Baltimore County Executive James T. Smith Jr. is to announce today the creation of a community task force on the future of state-owned property at Spring Grove Hospital Center in Catonsville - just as the state is looking at potential sites for juvenile detention facilities.
The action comes days after Smith sent the governor a letter saying he was against a plan to build a regional juvenile detention center and three smaller facilities in the county. The facilities would be designed in part to replace a portion of the troubled Charles H. Hickey Jr. School, which was closed last fall.
The state hopes to put the facilities on land that it already owns, a Department of Juvenile Services spokesman said.
"We're looking at any number of state properties [and] that would include Spring Grove," said Edward Hopkins, the spokesman. "But Spring Grove is not a likely location for what we want to do."
A state Department of Health and Mental Hygiene official said there are no plans to close the hospital - built in 1797 and the second-oldest continuously operating psychiatric hospital in the United States, according to its Web site - or to develop any property that it sits on.
But a Smith spokesman, and state Del. Bobby A. Zirkin, said Spring Grove could be seen as an attractive site for a juvenile facility because of its 200-acre size.
Smith said the state made its decision to close Hickey "rather precipitously," and added: "I want to make sure the citizens of Baltimore County are not caught off guard with some precipitous decision with respect to Spring Grove."
The 10-member, bipartisan task force will hold several community meetings and then submit by June 1 recommendations for potential future uses for the property should it become vacant. Smith would then send the recommendations to Gov. Robert L. Ehrlich Jr.
A spokesman for the governor did not return a call seeking comment.
Smith sent the governor a letter last week opposing the state Department of Juvenile Services 10-year master facilities plan. Smith wrote he is "particularly disappointed" in a plan to combine Baltimore City and Baltimore County into a region that would be served by a detention center in the county.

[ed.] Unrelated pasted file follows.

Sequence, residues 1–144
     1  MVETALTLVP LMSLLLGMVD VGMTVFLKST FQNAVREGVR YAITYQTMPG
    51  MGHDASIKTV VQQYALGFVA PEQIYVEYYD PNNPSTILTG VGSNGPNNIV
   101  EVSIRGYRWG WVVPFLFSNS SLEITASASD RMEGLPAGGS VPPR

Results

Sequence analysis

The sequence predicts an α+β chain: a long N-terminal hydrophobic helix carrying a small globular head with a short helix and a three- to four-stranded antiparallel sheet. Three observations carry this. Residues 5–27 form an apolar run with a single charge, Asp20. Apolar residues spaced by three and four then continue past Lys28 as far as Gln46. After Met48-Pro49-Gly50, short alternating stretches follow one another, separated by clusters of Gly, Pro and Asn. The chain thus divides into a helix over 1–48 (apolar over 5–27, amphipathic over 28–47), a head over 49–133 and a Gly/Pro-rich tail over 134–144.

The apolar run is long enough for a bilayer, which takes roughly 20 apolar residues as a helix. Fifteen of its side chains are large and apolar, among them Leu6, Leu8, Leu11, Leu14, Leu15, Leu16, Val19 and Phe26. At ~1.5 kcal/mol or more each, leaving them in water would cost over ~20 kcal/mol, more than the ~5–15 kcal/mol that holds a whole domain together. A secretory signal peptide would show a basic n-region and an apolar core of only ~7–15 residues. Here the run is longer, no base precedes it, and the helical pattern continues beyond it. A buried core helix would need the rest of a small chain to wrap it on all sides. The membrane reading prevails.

"We believe the facilities ought to be built where they're needed, and when you look at Baltimore County by itself you get a very different picture than if you look at it combined with Baltimore City," said Donald I. Mohler, a spokesman for Smith. "We believe city students are better served in their own neighborhoods near their own support system."
Hopkins, the Juvenile Services spokesman, said department Secretary Kenneth C. Montague Jr. has received Smith's letter and is preparing a response.
Zirkin, a Pikesville-Owings Mills Democrat, said he would oppose a juvenile facility at Spring Grove. He said he will push for a stipulation in the state capital budget requiring that any money spent on a juvenile detention center in the county be tied to the Hickey property.
"Hickey itself was a disaster because of sheer numbers and the way it was operated," said Zirkin, who is running for state Senate. "But the land itself was fairly remote and I believe is the appropriate location."
Elizabeth Barnard, planning and capital financing director for the state heath department, said there are no plans to close Spring Grove Hospital or any other buildings on the property, but that the department is reviewing all its properties.
Kathleen Bankert, president of the 487-home Academy Heights Civic Association in Catonsville, said she would strongly oppose a juvenile detention center at Spring Grove, which is about two miles from her neighborhood.
"We've got enough going on here in Catonsville. We have halfway houses, we have group homes, we have revisions," she said. "I don't think we need any more potential problems for the kids of the community. It would be a shame to see things change out there, and maybe not for the better."
Sun reporter Michael Dresser contributed to this article.